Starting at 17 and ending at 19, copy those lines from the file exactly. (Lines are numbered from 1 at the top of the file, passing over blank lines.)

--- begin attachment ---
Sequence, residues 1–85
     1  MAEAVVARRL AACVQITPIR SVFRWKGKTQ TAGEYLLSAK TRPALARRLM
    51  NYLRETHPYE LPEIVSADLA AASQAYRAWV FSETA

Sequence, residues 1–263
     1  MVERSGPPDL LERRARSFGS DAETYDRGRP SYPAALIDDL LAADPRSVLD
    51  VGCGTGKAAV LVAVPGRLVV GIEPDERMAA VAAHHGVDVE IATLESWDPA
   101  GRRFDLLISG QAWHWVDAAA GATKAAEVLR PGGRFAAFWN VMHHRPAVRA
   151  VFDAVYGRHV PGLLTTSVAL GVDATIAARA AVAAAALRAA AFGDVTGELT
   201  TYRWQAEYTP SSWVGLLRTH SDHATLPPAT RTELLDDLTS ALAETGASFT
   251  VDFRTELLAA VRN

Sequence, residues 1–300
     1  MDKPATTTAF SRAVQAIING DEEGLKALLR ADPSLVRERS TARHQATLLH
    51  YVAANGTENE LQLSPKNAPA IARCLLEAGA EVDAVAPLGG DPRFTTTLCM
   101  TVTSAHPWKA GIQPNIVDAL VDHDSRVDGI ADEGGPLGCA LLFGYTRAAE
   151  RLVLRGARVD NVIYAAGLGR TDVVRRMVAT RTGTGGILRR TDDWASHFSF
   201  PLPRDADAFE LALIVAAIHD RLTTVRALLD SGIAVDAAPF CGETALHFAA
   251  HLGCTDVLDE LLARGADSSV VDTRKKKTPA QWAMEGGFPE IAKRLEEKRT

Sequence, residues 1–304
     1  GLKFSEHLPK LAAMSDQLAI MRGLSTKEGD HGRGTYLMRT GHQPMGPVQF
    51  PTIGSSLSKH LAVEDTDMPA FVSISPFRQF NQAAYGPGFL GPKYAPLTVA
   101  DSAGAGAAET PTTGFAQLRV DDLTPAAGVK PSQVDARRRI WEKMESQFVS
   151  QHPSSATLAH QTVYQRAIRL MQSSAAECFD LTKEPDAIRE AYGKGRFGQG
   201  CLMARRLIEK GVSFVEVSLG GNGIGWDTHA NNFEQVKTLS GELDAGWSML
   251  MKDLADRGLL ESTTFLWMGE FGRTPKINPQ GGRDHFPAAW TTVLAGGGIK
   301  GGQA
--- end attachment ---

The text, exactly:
   251  HLGCTDVLDE LLARGADSSV VDTRKKKTPA QWAMEGGFPE IAKRLEEKRT

Sequence, residues 1–304
     1  GLKFSEHLPK LAAMSDQLAI MRGLSTKEGD HGRGTYLMRT GHQPMGPVQF